Mpumalanga's Kusile power station should have relieved South Africa's energy generation pressures in 2013. However, a decade later it finds itself among the causes of the country's crippling winter energy woes.
Last week Eskom, delivering its winter outlook presentation, placed Kusile, one of the world's largest coalfired power stations, at the centre of the bleak energy generation situation that could bring about stage 8 loadshedding during winter.
The unavailability of three power generation units at Kusile and one at Koeberg nuclear station in the Western Cape were cited by Eskom at a winter outlook briefing at Megawatt Park as the main reasons the power utility may struggle to keep the lights on this winter.
Kusile's three completed and synchronised units — 1, 2 and 3 — have been out of service since late last year, effectively denying the country more than 2,000MW of power while contributing at least two stages of loadshedding.
Eskom executive for generation Bheki Nxumalo said even when Kusile's three units come back on stream around December it will be a temporary solution and would still not be operated at full capacity.
The unavailability of Kusile units 1, 2 and 3 as well as Koeberg unit 1 has already removed 3,080MW of energy capacity from the country's power system for winter 2023, Eskom indicated this week.
The only operational unit at Kusile, unit 4, had for weeks been unable to be used at its full capacity of 800MW and was expected to be back in July, according to Nxumalo.
Kusile's unit 5, which will provide 720MW, is only expected to be synchronised to the grid in December, which is around the period when Eskom only expects loadshedding to drastically subside.
Kusile, which means dawn in several Nguni languages, was meant to be a gamechanger. However, the power station — which was initially scheduled to be completed in 2013 — has been rocked by delays, cost overruns, corruption and design defects.
Kusile has never worked particularly well. If we took all the electricity Kusile produced so far relative to all the money that has been spent, it's probably producing electricity at R8 or R9 per kilowatt hour on average to date.
Clyde Mallinson, independent energy analyst
Nxumalo said they needed government support to get environmental exemptions for the three units at Kusile to operate at full capacity relying on temporary stack.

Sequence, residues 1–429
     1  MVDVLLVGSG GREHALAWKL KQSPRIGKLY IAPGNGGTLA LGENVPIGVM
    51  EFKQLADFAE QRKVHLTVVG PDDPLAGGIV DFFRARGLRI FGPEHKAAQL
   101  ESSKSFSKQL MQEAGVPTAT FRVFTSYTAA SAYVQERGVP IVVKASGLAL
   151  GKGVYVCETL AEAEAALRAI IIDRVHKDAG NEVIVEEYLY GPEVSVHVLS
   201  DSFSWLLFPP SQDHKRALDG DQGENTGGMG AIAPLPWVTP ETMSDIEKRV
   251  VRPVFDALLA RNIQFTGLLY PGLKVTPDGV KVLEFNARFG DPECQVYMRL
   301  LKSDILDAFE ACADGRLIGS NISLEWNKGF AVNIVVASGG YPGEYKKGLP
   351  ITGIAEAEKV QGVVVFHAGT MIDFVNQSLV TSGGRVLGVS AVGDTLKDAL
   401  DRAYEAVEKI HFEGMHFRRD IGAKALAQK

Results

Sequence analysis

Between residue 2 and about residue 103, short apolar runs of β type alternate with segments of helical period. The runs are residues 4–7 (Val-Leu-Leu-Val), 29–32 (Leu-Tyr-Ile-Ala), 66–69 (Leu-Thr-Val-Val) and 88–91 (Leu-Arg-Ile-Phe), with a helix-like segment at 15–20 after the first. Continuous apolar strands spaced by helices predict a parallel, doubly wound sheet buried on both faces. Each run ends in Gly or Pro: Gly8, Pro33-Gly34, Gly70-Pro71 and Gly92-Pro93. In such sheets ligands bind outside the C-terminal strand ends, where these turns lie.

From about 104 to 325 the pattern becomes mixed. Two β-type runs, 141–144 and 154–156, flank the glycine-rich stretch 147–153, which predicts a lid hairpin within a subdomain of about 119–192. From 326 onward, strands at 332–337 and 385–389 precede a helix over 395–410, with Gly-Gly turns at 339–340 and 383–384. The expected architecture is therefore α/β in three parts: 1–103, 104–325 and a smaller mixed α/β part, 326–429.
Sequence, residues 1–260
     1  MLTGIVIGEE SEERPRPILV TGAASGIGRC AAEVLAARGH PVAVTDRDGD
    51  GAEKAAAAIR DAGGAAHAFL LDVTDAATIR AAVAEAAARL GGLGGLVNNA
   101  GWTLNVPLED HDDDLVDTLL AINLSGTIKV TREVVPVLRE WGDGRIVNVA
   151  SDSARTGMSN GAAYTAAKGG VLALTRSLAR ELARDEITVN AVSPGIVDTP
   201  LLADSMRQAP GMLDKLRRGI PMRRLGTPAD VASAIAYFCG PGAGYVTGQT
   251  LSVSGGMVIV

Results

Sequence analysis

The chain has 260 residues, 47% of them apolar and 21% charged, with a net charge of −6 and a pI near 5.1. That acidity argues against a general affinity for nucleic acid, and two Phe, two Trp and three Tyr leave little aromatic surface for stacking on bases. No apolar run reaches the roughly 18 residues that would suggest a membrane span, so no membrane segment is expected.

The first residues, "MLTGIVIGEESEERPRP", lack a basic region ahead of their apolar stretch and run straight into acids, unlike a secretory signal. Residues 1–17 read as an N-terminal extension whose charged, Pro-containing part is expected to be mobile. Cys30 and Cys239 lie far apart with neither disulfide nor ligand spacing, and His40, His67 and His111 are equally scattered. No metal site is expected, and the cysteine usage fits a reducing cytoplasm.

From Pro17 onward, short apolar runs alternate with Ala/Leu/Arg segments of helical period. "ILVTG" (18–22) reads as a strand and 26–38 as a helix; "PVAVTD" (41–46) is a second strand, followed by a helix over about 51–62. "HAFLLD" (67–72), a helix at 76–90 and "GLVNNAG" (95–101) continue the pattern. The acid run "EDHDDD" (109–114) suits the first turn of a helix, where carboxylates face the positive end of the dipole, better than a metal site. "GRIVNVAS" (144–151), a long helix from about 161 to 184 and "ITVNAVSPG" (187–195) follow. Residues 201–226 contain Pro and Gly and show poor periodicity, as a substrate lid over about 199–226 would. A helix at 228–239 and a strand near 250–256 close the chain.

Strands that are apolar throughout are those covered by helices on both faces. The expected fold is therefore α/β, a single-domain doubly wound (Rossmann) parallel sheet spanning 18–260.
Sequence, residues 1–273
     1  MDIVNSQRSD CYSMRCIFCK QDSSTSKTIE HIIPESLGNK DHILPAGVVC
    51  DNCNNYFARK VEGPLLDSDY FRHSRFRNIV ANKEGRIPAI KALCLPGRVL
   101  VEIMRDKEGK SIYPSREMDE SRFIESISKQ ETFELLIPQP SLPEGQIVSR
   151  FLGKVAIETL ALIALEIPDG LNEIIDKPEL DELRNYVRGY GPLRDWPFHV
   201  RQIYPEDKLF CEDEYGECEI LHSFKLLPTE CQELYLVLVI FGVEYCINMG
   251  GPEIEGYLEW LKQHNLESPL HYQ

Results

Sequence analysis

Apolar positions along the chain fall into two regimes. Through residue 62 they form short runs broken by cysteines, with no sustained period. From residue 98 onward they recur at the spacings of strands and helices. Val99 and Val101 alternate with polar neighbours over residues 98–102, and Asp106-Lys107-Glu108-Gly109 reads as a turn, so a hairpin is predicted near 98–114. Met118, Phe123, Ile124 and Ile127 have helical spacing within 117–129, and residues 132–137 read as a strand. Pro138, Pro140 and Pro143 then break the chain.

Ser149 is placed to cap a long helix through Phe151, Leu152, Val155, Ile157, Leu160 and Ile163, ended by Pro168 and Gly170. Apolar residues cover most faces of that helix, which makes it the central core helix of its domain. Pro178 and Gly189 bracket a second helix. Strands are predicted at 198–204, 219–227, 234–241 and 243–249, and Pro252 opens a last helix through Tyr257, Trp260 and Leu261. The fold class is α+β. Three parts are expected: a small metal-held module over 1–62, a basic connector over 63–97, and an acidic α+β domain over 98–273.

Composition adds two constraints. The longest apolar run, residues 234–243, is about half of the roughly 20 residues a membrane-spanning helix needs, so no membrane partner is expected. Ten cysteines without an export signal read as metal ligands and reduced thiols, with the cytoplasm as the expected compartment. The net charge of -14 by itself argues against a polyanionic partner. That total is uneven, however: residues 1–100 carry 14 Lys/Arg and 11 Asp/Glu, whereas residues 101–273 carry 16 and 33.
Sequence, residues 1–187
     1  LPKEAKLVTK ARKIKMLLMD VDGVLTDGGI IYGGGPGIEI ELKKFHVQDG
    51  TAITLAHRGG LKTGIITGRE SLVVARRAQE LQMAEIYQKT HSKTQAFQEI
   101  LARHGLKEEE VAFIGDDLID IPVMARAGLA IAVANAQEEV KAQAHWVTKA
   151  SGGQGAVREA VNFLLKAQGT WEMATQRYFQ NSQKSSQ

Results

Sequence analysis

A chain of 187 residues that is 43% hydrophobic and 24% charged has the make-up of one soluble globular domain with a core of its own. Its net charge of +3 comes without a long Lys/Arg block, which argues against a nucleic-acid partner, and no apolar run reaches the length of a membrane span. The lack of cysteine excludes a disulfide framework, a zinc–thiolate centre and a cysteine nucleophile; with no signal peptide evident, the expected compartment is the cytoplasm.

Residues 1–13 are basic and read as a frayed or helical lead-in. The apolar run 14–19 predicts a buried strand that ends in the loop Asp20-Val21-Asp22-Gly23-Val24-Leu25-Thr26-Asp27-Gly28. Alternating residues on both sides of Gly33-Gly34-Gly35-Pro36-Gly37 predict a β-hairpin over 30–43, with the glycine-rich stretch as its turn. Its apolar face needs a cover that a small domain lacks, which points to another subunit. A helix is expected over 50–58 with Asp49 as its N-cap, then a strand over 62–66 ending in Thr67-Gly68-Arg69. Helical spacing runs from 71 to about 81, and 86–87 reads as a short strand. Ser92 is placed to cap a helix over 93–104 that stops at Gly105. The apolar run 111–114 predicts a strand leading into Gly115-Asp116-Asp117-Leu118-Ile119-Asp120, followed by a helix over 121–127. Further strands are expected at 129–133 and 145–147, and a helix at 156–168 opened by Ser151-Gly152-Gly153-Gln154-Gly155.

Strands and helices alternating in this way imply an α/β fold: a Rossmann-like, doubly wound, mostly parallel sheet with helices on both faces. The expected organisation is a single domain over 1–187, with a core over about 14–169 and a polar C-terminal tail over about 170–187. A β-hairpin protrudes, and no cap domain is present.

Independent energy analyst Clyde Mallinson believes Kusile and Medupi, which are huge power stations, should have never been pursued in the first place.
"They [government] should have maybe done three or four 2,000MW [power stations] instead of doing the biggest and the best," Mallinson said.
Mallinson said there were so many reasons Kusile is "a disaster", including not meeting its build deadline, being faulty and skyrocketing costs.
He said South Africa was "looking at the symptoms now of the whole string of wrong decisions and egos culminating in a disaster".
"Kusile has never worked particularly well. If we took all the electricity Kusile produced so far relative to all the money that has been spent, it's probably producing electricity at R8 or R9 per kilowatt hour on average to date," Mallinson said.
Situated near eMalahleni, in the coalrich part of the country, with a massive 4,800MW design capacity, Kusile would be one of the world's biggest coalpowered stations.
A poorly designed and built chimney at Kusile's unit 1 collapsed in October, immediately affecting units 2 and 3 of the Mpumalanga power station, which share the same chimney.
Nxumalo said a permanent solution would be completed only next winter, which would be the only time Kusile units would be able to generate power at full capacity.
Energy expert Lundile Mashele said Kusile, which has been "equipped with flue gas desulphurisation", was meant to be a flagship coal project. However, from planning stage it has been rocked by many mishaps and delays, coupled by severe time and cost overruns, design challenges and corrupt management.
"Management failure led to the collapsing of the flue gas duct. Eskom management went against the operational recommendations of their engineer, who said despite the air heater fire, the three units should be run at a reduced output," she said.
The Sunday Times reported in February how Eskom management went against the recommendation, leading to the flue gas duct collapsing.
The R161bn Kusile power station was initially budgeted at R81bn, but the costs have since doubled, with former deputy president David Mabuza saying they were confident that it would be completed within its revised budget.
The station's units 5 and 6 were expected to be brought online in December and May next year.
Kusile is now only expected to be fully operational by winter next year.
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